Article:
At the start of the month, Arun, Ben, Jeremy and I went to watch this show called These Children Are Dead. It sold itself as a lecture performance by Nora Samosir about her discovery of these paintings stashed away in a Joo Chiat shophouse along with some journals by a mysterious artist called Huang Wei, who disappeared in 1955. Each painting was a haunting image of a child, complete with vacant stare, or in fact incomplete – some had missing forearms. We were led to believe that he was painting along a different trajectory than the Singapore Pioneer Artists who were establishing the Nanyang Style of art at the same time (1950s).
I say “led to believe” because two days ago, on a day when I finally decided to read the newspaper from corner to corner (okay, flip through would probably be a more accurate description), I chanced upon this article that had the headline “Play paints a hoax” and I saw a very familiar picture of Nora Samosir. That was when I went: “Holy shit.”
I read through the article and it was claimed that the hoax was revealed at the discussion sessions after the show, that the works were done by a local contemporary artist called Alan Oei, and how everyone felt very betrayed. But this issue didn’t arise at our discussion session, and in fact everyone who was asking questions that night seemed to be doing so with a belief in the artist’s existence.
Nora Samosir said: “Others said they wished they did not know it was a lie, which really surprised me. It seems we believe what we want to believe. When a romantic idea is shattered, people still refuse to relinquish it.”
I don’t know if I belong in that group of people who still wished it was a lie. Even though it’s been two days since I read the article, I still feel torn between what my head wants to acknowledge and what my heart wants to believe.
Of course, I have to admit that my first reaction was, well, something between the points of “mild irritation” and “anger” on the human emotional spectrum. I felt cheated, because I had believed in this artist, his morbid brilliance, even the fabricated “Sook Ching survival story”. Then I felt stupid, because I had treated all this as fact, simply with the two words “lecture performance” on the flyer – a phrase that usually has no literary value, but yet connoted the act of presenting historically proven facts.
Subsequently, there was the confusion. In my mind I wanted to admit that this was really a fantastic piece of conceptual art. It goes beyond a simple blurring of the lines between reality and illusion; it questions how much the perception of the artwork is influenced by the context provided, rather than determined by the art object in itself. This is something that, of course, is a natural extension of the intellectual nature of contemporary works, as opposed to the aesthetic value that had been the foundation of thousands of years worth of great art. In a museum, we are increasingly forced to rely on the accompanying text to explain the interpretation(s) of the presented work – and when will we ever know if it is falsified information? Art is no longer just the power of the visual, but also the power of the word.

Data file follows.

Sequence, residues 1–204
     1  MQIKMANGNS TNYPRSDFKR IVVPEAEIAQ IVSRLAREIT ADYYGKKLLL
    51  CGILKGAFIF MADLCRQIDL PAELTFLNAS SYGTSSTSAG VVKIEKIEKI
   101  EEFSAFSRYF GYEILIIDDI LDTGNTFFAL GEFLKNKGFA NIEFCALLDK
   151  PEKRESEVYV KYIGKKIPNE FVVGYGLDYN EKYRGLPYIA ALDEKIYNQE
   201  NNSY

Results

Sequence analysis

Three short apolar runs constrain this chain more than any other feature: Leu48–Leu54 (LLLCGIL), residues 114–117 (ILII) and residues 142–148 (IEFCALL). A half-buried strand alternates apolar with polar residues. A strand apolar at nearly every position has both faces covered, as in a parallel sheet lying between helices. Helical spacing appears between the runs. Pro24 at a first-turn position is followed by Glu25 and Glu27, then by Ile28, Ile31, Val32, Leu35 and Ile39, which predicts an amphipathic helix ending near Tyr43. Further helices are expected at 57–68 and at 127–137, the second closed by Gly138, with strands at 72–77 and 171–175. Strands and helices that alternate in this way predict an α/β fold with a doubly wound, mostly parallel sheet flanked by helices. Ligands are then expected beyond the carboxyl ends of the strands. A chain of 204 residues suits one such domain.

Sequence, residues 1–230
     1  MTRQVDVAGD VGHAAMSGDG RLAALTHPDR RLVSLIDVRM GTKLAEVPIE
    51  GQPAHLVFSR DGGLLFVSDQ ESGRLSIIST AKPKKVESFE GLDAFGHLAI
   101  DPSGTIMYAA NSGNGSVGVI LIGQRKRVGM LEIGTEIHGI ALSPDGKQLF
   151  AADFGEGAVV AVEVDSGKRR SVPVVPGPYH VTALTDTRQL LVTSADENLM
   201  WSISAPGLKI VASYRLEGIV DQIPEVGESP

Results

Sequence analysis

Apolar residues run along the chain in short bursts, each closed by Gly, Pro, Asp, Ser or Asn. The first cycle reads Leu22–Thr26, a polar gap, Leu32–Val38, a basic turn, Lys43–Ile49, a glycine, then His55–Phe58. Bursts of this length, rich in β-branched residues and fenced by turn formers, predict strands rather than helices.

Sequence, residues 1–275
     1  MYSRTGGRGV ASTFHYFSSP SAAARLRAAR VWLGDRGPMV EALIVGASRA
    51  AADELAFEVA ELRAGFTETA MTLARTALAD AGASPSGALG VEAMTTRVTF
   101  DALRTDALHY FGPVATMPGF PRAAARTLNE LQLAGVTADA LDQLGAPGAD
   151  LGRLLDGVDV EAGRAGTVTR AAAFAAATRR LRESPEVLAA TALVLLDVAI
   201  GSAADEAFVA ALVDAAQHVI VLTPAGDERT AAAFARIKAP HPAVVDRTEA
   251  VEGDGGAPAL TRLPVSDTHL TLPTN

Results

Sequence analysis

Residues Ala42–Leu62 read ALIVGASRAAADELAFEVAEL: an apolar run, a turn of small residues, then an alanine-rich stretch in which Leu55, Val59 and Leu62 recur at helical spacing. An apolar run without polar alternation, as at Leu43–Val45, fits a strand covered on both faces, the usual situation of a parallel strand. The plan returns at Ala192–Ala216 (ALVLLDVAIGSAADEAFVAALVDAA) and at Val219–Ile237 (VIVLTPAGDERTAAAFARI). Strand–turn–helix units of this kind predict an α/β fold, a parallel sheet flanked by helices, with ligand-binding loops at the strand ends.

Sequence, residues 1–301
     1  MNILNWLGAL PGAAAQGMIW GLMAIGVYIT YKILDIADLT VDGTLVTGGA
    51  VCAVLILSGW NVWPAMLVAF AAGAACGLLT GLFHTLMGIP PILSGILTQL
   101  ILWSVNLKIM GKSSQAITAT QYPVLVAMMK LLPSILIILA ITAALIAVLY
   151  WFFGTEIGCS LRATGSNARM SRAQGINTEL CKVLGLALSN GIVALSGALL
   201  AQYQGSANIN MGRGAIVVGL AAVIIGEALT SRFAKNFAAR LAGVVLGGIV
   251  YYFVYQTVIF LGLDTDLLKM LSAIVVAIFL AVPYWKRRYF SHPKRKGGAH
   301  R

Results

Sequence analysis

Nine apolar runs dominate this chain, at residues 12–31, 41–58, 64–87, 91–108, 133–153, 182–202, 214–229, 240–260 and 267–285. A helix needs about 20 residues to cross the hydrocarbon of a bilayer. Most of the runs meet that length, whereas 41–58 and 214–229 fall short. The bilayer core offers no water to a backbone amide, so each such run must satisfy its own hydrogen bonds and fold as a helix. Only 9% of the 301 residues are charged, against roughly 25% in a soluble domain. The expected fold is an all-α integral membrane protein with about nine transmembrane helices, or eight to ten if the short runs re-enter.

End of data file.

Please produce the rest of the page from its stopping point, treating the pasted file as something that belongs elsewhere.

Furthermore, it goes beyond the fabrication of artistic intention and context; it had the potential to change the way that we approach the history of Singapore art, and even the history of Singapore in general. For a moment, we could believe that there was something so poetic, something that possessed such Romantic sensitivity, despite the blood that dripped down where the forearm was supposed to be.
Yet, when I broached the topic with Mr Chia and Miss Chan while we were travelling around visiting all the JC courseworks, they seemed nonchalant, and even said that it was pretty “cliche”. It was clear that I was feeling something much more profound that they could get from my presentation of the story. Mr Chia told me to just look at it as how it affects me personally, and not care about what other people’s interpretations of it are. The thing is, I would not have liked these paintings if they had not provided this back story (I would have thought it was just some cheap attempt at shock art). But yet, I was so in love with them – with the idea of them. How do you separate the art of the paintings from the art of the idea?
I realised eventually that I could have figured it out. I had clues presented to me:
1. I had seen one of the works at The Air-Conditioned Recession, one of the exhibitions of the Singapore Art Show a while back.
2. Arun and I were constantly discussing certain disturbing parts of the show, such as the creepily mature and ’emo’ mutterings of Nora Samosir’s niece that she mentioned during what was really no more than an extended monologue.
3. The idea that Huang Wei was trying to rediscover his lost childhood was a Modern, or even Post-Modern mindset that was probably beyond the intellectual maturity of Singapore art at the time. (They claimed that he did so by painting in a manner that was similar to the portraits of children that his father took in their family photo studio.)
Maybe it’s just me then, it’s just my nature. I always want so much to believe. I believed in it more intensely than I really knew, thus I felt that disappointment more acutely than what is really necessary. When that beautiful lie is shattered, it is difficult for me to put together all the pieces, to figure out what everything really meant.
Is it still the truth if it was only true at the point in time?